Cancer survivors as heroes
Cancer survivor is a broad term that is often used to describe a person that may have been diagnosed with cancer of any form but is still living. Whether a person is considered as being a cancer survivor immediately after diagnosis, completion of treatment of when he is dying, the definition of this term can vary from one group to the other. Some people diagnosed with cancer refuse to be termed as survivors or reject certain aspects of the term’s definition. According to Merrick (2015), the term cancer survivor defines a person that is either currently living with the disease or beyond it. This may specifically refer a person that has completed basic cancer management and does not exhibit any signs of active disease. The term may also refer to a person that has progressive disease and is receiving treatment but is beyond the terminal phase of the disease. Similarly, it may refer to a person that may have previously had cancer but is completely healed. As explained by Best (2011), the Cancer Survivorship Coalition has defined a cancer survivor as someone that has been diagnosed and is therefore living with the disease from the time of his/her diagnosis until death. This broad definition includes people that are actively seeking treatment as well as those succumbing to death as a result of untreatable cancer. Whichever the definition of a cancer survivor, many have been considered as heroes. This paper looks at how many of the cancer survivors have been considered as heroes.
Cancer survivors as heroes
Being a hero refers to the aspect of being admired or even being idealized because of exceptional achievements, courage as well as noble qualities that one exhibits. While cancer does not operate on the normal human terms, becoming a cancer survivor that qualifies to be termed heroic is not an easy thing either. Although people think that the term hero is used to cover-up for the negative impacts associated with the reality of the disease, it is obvious that cancer survivors encounter a great deal of challenges, which, when they survive, qualify them being labeled as heroes. According to Merrick (2015), cancer patients persevere through pain, suffer when undergoing treatment, some live while others die. As such, the issue of cancer survivorship is intertwined with heroism with every cancer survivor qualifying to be termed as a hero.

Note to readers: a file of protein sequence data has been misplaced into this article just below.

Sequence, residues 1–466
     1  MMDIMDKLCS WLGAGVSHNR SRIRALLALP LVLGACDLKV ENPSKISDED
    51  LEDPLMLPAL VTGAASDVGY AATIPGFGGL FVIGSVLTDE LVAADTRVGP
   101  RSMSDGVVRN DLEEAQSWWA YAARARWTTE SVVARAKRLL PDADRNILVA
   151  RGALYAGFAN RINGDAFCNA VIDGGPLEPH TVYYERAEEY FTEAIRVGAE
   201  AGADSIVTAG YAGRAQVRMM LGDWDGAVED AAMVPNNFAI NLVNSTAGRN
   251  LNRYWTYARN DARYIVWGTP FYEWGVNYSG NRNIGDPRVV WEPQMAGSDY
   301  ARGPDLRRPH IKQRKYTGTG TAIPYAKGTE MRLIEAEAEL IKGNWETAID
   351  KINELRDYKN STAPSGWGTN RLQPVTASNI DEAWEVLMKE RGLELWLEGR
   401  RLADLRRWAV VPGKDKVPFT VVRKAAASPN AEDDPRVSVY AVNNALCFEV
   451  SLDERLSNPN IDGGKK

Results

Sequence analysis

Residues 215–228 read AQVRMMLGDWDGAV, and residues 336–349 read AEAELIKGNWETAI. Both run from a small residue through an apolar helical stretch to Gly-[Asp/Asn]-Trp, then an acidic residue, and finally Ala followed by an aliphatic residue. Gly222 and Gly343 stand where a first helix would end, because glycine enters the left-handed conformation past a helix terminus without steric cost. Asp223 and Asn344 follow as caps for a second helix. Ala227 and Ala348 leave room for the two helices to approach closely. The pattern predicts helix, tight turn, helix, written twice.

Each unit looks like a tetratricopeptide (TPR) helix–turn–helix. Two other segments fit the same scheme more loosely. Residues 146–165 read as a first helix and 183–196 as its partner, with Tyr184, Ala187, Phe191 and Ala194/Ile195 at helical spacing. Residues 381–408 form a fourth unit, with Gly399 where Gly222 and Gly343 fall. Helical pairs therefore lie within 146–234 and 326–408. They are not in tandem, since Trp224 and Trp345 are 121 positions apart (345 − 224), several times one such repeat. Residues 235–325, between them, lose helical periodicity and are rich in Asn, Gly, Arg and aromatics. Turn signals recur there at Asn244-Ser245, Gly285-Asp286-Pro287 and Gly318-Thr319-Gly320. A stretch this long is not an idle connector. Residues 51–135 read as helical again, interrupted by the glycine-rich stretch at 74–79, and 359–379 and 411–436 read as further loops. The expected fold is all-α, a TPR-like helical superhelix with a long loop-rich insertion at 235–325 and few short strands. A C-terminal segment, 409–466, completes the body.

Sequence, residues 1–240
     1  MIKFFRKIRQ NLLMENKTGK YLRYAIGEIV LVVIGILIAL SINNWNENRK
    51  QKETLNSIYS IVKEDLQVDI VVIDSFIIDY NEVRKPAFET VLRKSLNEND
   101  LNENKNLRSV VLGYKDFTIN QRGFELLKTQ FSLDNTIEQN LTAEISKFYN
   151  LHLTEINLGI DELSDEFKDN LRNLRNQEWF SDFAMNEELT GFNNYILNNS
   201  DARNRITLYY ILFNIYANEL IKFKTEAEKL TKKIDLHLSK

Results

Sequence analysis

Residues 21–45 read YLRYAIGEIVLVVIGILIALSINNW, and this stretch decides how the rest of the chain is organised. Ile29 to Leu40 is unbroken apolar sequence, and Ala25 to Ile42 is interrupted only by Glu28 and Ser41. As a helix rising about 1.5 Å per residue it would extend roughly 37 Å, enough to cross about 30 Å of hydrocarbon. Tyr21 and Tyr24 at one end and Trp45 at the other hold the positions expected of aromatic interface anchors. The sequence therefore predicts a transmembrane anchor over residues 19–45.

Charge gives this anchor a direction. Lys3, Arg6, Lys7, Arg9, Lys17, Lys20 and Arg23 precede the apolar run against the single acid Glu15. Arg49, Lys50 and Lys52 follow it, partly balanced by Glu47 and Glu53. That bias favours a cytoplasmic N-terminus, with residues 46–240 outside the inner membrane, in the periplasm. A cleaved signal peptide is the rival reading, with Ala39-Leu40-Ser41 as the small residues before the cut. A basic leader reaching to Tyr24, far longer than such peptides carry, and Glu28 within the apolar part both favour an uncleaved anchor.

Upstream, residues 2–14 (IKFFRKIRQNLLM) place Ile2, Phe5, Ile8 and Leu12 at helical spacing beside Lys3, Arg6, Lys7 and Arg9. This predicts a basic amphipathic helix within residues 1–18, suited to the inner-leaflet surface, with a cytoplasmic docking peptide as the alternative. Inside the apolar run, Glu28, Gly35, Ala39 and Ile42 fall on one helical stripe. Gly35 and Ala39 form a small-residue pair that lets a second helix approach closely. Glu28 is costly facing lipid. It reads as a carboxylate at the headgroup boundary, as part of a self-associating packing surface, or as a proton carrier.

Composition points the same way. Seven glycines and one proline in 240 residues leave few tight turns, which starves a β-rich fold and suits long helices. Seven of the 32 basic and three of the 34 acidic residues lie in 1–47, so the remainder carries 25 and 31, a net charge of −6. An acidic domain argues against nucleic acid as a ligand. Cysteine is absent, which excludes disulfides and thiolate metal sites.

According to Miller (2012), cancer survivors that qualify to be considered as heroes mainly include those that take the aspect of living with as well as fighting the disease as a life-transforming experience. This means that such people, even though they know that they live with an illness that they do have any control over, do not take their situation as the end of life but they instead fight until they either recover or succumb to their situation. Until recently, a popular viewpoint was that being diagnosed of cancer is equivalent to receiving a death sentence. However, the last thirty years have been marked by constant shift of cancer from being a significantly fatal disease to being a disease in which a majority of those diagnosed undergo treatment and subsequently report a high degree of survivorship. This constant improvement in the rate and degree of survival has therefore been accompanied by constant translation from debates about cancer victims to debates about cancer survivors and subsequently cancer survivor heroes (Merrick, 2015).